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Campbell, George (1719–96)

DOI
10.4324/9780415249126-DB014-1
DOI: 10.4324/9780415249126-DB014-1
Version: v1,  Published online: 1998
Retrieved May 11, 2021, from https://www.rep.routledge.com/articles/biographical/campbell-george-1719-96/v-1

Article Summary

George Campbell, Scottish minister, professor and religious thinker, is now remembered primarily for The Philosophy of Rhetoric (1776). Here he employed the Scottish Enlightenment’s developing science of human nature to explain the effectiveness of the classical rules of rhetoric. He did this by relating the various ends of persuasive discourse to the natural faculties and propensities of the human mind. In his own time Campbell was better known as a religious apologist, using an enlightened theory of evidence in A Dissertation on Miracles (1762) to defend the believability of Christian miracles against the sceptical attack of David Hume.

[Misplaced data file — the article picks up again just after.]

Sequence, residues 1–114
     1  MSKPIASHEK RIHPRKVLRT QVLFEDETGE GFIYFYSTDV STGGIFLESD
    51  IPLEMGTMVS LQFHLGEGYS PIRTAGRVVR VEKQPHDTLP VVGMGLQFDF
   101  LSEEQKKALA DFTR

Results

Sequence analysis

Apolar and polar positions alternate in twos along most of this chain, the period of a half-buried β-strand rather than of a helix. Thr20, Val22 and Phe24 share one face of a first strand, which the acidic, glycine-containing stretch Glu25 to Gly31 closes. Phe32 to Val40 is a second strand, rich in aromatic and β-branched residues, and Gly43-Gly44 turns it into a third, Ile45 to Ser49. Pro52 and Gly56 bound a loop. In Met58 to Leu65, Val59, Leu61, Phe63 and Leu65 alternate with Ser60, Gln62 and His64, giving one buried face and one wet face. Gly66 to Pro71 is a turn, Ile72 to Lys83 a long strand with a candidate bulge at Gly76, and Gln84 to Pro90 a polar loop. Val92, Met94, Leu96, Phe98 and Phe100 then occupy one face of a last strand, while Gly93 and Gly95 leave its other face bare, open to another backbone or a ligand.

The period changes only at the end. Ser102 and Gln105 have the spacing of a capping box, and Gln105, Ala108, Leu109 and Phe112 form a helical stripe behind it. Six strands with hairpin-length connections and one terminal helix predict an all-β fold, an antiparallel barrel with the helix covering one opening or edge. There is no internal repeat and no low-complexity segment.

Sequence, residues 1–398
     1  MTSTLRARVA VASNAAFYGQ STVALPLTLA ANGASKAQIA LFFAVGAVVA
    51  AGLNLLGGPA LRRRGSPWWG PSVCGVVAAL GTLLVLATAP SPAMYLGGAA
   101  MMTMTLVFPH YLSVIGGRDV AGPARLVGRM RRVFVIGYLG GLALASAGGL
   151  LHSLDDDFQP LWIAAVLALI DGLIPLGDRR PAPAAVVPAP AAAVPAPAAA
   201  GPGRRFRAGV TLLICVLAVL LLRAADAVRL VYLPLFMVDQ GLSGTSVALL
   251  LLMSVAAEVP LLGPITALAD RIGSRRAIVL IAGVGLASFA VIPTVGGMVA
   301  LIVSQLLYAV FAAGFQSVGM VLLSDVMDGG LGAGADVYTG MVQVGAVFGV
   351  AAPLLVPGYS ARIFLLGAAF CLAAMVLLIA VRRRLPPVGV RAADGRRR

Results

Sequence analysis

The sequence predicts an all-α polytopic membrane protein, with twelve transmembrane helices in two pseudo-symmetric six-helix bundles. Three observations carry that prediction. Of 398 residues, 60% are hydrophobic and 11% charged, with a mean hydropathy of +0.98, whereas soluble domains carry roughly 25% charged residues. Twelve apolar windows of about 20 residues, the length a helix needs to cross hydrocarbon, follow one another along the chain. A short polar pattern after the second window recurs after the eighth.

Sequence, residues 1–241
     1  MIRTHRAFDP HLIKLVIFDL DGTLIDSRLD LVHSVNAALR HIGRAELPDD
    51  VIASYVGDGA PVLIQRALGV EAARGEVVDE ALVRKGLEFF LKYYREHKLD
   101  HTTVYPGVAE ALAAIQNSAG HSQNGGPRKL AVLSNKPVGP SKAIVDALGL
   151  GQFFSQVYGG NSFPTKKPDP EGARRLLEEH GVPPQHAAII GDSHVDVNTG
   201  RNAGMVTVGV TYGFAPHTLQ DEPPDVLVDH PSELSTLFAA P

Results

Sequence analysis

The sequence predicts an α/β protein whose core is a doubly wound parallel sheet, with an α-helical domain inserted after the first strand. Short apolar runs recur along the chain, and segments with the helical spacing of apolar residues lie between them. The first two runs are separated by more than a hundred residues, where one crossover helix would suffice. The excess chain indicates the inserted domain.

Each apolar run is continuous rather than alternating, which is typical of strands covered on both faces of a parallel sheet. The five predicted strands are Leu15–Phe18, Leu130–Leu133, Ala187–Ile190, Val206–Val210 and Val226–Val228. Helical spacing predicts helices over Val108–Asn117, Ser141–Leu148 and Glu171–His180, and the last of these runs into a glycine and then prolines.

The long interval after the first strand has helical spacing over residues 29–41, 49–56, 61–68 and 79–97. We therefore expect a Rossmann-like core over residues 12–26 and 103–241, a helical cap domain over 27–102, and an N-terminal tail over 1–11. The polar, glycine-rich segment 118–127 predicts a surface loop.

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Citing this article:
Suderman, Jeffrey M.. Campbell, George (1719–96), 1998, doi:10.4324/9780415249126-DB014-1. Routledge Encyclopedia of Philosophy, Taylor and Francis, https://www.rep.routledge.com/articles/biographical/campbell-george-1719-96/v-1.
Copyright © 1998-2021 Routledge.

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